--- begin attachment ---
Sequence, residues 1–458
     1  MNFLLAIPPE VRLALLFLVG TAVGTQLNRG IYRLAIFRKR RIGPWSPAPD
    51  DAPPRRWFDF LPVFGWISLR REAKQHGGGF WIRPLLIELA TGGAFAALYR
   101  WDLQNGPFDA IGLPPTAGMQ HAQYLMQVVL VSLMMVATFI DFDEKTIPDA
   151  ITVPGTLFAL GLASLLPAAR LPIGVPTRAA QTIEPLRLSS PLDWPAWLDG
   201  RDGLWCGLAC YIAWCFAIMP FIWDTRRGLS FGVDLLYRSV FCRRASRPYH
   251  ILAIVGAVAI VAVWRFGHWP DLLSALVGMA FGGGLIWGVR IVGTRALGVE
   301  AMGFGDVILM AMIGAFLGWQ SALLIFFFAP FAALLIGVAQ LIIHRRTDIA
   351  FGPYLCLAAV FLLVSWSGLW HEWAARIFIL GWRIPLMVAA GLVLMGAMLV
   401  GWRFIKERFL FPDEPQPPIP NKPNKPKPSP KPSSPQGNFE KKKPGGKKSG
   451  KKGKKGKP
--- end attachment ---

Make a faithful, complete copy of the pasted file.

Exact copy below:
Sequence, residues 1–458
     1  MNFLLAIPPE VRLALLFLVG TAVGTQLNRG IYRLAIFRKR RIGPWSPAPD
    51  DAPPRRWFDF LPVFGWISLR REAKQHGGGF WIRPLLIELA TGGAFAALYR
   101  WDLQNGPFDA IGLPPTAGMQ HAQYLMQVVL VSLMMVATFI DFDEKTIPDA
   151  ITVPGTLFAL GLASLLPAAR LPIGVPTRAA QTIEPLRLSS PLDWPAWLDG
   201  RDGLWCGLAC YIAWCFAIMP FIWDTRRGLS FGVDLLYRSV FCRRASRPYH
   251  ILAIVGAVAI VAVWRFGHWP DLLSALVGMA FGGGLIWGVR IVGTRALGVE
   301  AMGFGDVILM AMIGAFLGWQ SALLIFFFAP FAALLIGVAQ LIIHRRTDIA
   351  FGPYLCLAAV FLLVSWSGLW HEWAARIFIL GWRIPLMVAA GLVLMGAMLV
   401  GWRFIKERFL FPDEPQPPIP NKPNKPKPSP KPSSPQGNFE KKKPGGKKSG
   451  KKGKKGKP